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3. Turn the dough onto a lightly floured surface and knead it a couple of times with your hands to bring it together. Use a rolling pin to roll the dough as thinly as possible into a large rectangle, less than 1⁄8 in [4 mm] thick. Trim any ragged edges with a sharp knife. Use a fork to prick the dough all over, then brush a thin, even layer of olive oil over the surface. Sprinkle the dough with the everything spice mixture (you won’t use all of it). 4. Using a sharp knife or pizza cutter, cut the crackers into small squares or rectangles. There’s no need to be specific with measuring here—just cut them into whatever size you like. Transfer the crackers to the prepared baking sheets, spacing them about 1⁄2 in [12 mm] apart. 5. Bake, rotating the baking sheets halfway through cooking, until the crackers are firm and golden brown around the edges, 17 to 20 minutes. Remove from the oven and transfer the baking sheets to cooling racks; let cool completely before serving. Store the crackers in an airtight container at room temperature for up to 1 week.

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Za’atar-Garlic Pita Chips SERVES 6

Homemade pita chips are delicious, arguably even more so than their store-bought counterparts. They are also simple to make. A little olive oil, a sprinkle of salt and pepper, and a few minutes in the oven are all that’s necessary to transform plain rounds of pita into a delightful snack or dip accompaniment. This version dresses up the crisps with garlic-infused oil and a hit of the lemony, herbal Middle Eastern spice mixture, za’atar (page 128). They are special enough to serve as party hors d’oeuvres and easy enough to bake up for a weeknight snack. If you are starting with extra-fluffy pita, they may take a few extra minutes to bake. 1⁄3 CUP [75 ML] EXTRA-VIRGIN OLIVE OIL 3 GARLIC CLOVES, MINCED OR PUSHED THROUGH A PRESS 3 TBSP ZA’ATAR 1 TSP ONION POWDER 4 LARGE WHITE OR WHOLE-WHEAT PITAS KOSHER SALT AND FRESHLY GROUND BLACK PEPPER

1. Preheat the oven to 375°F [190°C]. Heat the oil in a small saucepan set over low heat. Add the garlic and cook, stirring, until fragrant and sizzling, about 1 minute. Remove from the heat and let sit 10 minutes to infuse the oil with the garlic. Whisk in the za’atar and onion powder and set aside.

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2. Slice each round of pita into 8 equal wedges. Brush both sides of each wedge lightly with the za’atar-garlic oil and arrange them in a single layer on two large rimmed baking sheets. Sprinkle evenly with the salt and pepper to taste. 3. Bake, rotating the baking sheets and flipping the pita wedges with tongs halfway through cooking, until the pita is crisp and golden brown, 10 to 15 minutes. Remove from the oven and transfer baking sheets to cooling racks to let chips cool completely. Serve at room temperature. Store leftovers in an airtight container for up to 3 days. Reheat the pita chips in a 350°F [180°C] oven for about 4 minutes.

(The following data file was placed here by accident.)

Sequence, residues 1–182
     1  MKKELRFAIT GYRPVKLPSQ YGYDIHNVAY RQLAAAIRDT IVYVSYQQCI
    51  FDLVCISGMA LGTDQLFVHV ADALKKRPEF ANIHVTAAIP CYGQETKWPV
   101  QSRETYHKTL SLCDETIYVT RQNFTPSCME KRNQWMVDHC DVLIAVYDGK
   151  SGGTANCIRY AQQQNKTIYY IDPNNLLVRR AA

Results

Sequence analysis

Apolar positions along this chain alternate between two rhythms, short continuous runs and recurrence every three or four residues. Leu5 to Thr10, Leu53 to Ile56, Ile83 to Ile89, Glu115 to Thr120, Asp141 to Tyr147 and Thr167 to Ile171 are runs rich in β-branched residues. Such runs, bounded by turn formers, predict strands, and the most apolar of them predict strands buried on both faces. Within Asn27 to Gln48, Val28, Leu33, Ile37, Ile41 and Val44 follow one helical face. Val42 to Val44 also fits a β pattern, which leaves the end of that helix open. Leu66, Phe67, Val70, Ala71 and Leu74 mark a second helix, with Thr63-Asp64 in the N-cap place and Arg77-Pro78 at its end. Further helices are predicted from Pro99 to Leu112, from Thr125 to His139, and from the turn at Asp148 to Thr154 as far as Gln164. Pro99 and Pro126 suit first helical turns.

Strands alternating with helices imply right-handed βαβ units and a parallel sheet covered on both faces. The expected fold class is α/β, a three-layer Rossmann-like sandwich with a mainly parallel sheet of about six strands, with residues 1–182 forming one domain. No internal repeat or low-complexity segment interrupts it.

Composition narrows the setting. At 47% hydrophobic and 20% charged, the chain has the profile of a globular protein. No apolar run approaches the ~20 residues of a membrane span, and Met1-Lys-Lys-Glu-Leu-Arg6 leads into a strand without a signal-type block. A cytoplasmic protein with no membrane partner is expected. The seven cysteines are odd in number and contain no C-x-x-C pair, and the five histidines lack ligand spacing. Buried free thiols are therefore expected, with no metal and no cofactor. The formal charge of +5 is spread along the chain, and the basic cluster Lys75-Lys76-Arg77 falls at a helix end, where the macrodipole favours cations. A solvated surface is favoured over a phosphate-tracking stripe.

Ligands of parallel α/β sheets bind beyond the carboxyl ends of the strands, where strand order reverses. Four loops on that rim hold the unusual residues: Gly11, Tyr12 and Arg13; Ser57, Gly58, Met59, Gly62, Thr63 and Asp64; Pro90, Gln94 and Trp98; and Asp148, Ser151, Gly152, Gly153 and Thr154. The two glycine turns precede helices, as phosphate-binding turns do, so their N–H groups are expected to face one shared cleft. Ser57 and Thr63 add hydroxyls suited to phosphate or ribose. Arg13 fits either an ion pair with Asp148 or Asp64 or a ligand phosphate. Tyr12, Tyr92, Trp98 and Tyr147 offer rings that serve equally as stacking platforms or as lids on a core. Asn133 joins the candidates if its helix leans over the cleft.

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Borscht Crostini SERVES 6

Whether served hot or cold, brimming with meat or completely vegetarian, the beet soup known as borscht has become a staple of the Ashkenazi Jewish repertoire. Perhaps that is because, amidst a sea of brown, heavy dishes— potato kugel, challah, cholent, latkes, and so on—borscht’s ruby color and tangy-sweet flavor offers a bright counterpoint. I love to make borscht, but I do not fancy the cold version that is popular during the warm summer months. Instead, I transfer all the soup’s building blocks—roasted beets and carrots, pickled onions, fresh dill and garlic, and crème fraîche (aka fancy sour cream)—from the soup bowl to a piece of crunchy toast. The resulting crostini are visually stunning (red beets! springy chopped herbs!) and versatile enough to serve as party fare or be the center of a summertime snack or meal. Each component can be prepped in advance and assembled just before serving. 3 MEDIUM BEETS, PEELED, HALVED, AND CUT INTO ½-IN [12-MM] CHUNKS 4 MEDIUM CARROTS, PEELED, HALVED LENGTHWISE, AND CUT INTO 2-IN [5-CM] LENGTHS 3 TBSP RED WINE VINEGAR 2 TBSP EXTRA-VIRGIN OLIVE OIL, PLUS MORE FOR BRUSHING KOSHER SALT AND FRESHLY GROUND BLACK PEPPER

¼ CUP [60 ML] FRESH LIME JUICE 2 TBSP SUGAR 1 SMALL RED ONION, QUARTERED THROUGH THE ROOT AND SLICED AS THINLY AS POSSIBLE

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¾ CUP [35 G] CHOPPED FRESH DILL ZEST OF 1 LEMON 1 LARGE GARLIC CLOVE, COARSELY CHOPPED 12 SMALL, ½-INCH- [12-MM-] THICK SLICES OF SOURDOUGH OR RYE BREAD ONE 8-OZ [225-G] CONTAINER CRÈME FRAÎCHE OR SOUR CREAM

1. Preheat the oven to 450°F [230°C] and line a large rimmed baking sheet with aluminum foil. Put the beets, carrots, 2 Tbsp red wine vinegar, 2 Tbsp olive oil, 1⁄2 tsp salt, and a generous amount of pepper on the baking sheet and stir to coat. Bake, tossing once with tongs, until the vegetables are tender, 25 to 35 minutes. Remove from the heat and let cool to the touch. 2. Meanwhile, in a medium bowl, whisk together the remaining 1 Tbsp of red wine vinegar, the lime juice, sugar, and a pinch of salt. Add the onion slices and toss to coat. Let sit for 15 to 20 minutes, stirring once or twice, to soften and lightly pickle the onion. (Or cover and let sit in the refrigerator for up to 1 day.) 3. Place the dill, lemon zest, and garlic in a single mound on a cutting board and chop until the garlic is minced and the ingredients are well combined.